History of Prostitution
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According to a recent history of prostitution research paper, throughout the colonial period, communities in America were very concerned about establishing moral codes to respond to a variety of sexually illicit behaviors. A history of prostitution research paper provides documentation that several colonies passed religiously motivated laws for the purpose of condemning prostitution in order to further prevent sin. As early as 1699, New Amsterdam, Boston and Philadelphia created legislation that made night walking an offense.
During the early 1800's, with the beginnings of the industrial period emerging, the U.S. became more oriented towards capitalism, the population shifted to urban areas and over time, the family structure changed with women being needed less to help maintain the family's self sufficiency. As a previous history of prostitution research paper pointed out, eventually, as new gender role assignments were developed, the role of women and their worth were largely associated with the responsibilities of nurturers and caretakers of the home and family. These virtues, along with purity, were essential for social acceptance. As noted in many history of prostitution research papers, if a woman fell from grace for whatever reasons, her status as virtuous was not re-attainable and she was perceived as capable of committing any crime. With few options for survival, prostitution became a viable option for supporting oneself and one's children. Additionally, as explained by a history of prostitution research paper, even when women were allowed to work in factories as they began to develop across the country, working conditions and wages were so poor that prostitution remained an attractive business opportunity for many women.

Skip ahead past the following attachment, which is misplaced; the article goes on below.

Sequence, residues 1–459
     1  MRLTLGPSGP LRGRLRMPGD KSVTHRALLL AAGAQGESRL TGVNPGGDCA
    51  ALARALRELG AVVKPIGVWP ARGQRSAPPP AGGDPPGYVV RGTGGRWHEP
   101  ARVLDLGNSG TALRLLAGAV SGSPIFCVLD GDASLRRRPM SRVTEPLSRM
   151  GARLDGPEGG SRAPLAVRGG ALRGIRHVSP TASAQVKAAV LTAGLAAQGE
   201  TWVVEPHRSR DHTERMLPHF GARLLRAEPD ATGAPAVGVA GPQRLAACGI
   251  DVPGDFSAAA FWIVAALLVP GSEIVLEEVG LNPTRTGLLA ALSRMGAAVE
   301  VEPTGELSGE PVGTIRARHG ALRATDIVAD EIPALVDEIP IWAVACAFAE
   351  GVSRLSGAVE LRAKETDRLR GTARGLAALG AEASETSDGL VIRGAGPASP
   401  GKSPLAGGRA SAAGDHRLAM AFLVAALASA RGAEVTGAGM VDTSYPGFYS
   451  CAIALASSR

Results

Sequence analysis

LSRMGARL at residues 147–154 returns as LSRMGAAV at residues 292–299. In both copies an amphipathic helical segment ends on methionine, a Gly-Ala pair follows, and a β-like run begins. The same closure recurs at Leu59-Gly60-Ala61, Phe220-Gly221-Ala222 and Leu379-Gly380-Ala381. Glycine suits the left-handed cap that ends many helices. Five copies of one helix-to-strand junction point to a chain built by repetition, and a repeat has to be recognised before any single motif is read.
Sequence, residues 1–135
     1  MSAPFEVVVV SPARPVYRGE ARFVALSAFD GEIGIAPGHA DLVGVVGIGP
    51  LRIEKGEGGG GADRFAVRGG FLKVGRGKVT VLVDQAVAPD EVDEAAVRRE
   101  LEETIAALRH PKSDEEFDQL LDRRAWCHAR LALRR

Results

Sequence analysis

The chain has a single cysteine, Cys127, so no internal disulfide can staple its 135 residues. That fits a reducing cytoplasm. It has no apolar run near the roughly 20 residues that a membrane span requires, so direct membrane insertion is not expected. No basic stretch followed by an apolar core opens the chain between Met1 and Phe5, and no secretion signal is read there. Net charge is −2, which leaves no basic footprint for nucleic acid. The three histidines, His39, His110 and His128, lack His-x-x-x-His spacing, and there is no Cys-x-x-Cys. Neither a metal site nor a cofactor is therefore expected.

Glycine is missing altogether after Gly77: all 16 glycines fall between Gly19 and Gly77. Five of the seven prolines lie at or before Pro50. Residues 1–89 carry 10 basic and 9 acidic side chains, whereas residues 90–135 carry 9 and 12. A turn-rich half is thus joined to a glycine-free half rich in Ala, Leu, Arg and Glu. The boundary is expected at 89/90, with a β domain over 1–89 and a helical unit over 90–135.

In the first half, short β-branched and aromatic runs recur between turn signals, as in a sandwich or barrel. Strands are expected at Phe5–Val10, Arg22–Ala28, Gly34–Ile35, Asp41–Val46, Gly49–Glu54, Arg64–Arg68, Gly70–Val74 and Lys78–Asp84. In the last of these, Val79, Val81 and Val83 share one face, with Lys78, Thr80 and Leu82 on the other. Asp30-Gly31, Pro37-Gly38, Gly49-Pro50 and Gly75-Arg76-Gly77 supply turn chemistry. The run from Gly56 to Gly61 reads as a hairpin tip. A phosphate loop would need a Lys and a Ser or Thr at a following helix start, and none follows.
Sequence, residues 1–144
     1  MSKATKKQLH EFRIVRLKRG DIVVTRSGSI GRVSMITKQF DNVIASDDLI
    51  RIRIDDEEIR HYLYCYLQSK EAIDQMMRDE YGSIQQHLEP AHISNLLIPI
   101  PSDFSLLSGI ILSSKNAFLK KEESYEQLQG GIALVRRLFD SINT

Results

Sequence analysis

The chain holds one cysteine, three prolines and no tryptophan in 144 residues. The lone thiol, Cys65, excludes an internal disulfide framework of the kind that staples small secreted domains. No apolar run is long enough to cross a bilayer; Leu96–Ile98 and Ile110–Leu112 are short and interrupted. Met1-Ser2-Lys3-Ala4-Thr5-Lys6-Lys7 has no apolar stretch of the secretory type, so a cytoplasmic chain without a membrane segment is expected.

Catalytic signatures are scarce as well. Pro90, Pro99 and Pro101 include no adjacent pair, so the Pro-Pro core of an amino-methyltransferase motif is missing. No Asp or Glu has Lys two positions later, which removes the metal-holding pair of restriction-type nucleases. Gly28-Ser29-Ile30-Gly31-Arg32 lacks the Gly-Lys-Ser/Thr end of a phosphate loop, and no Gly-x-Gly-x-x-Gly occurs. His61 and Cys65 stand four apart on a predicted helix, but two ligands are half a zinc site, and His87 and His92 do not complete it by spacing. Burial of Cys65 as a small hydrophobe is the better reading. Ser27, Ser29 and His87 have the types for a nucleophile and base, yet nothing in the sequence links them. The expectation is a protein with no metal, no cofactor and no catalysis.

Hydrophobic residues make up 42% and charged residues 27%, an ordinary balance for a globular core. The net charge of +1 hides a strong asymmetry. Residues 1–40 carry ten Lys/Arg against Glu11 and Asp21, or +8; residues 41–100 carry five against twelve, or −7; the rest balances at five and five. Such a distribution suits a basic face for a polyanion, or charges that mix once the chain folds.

During the 18th century and 19th century, as explained by Connelly, efforts to deal with prostitution were largely those that did not involve legal interventions. Primarily, what was known as whorehouse riots were used in an attempt to end this form of business. Another form of intervention that was used was based on attempts to reform those involved in prostitution. Reform organizations were largely run by women in the upper class and their focus was on recognizing prostitutes as victims of over-sexed males as well as victims of poverty. During the late 1800's, prostitution became perceived as the result of the unnatural desires of women and efforts were made to legally regulate it rather than exterminate it in order to protect women who did not possess such desires. Gradually, up until the early 1900's, attitudes shifted and reform efforts emphasized the impact of urbanization on the profession of prostitution.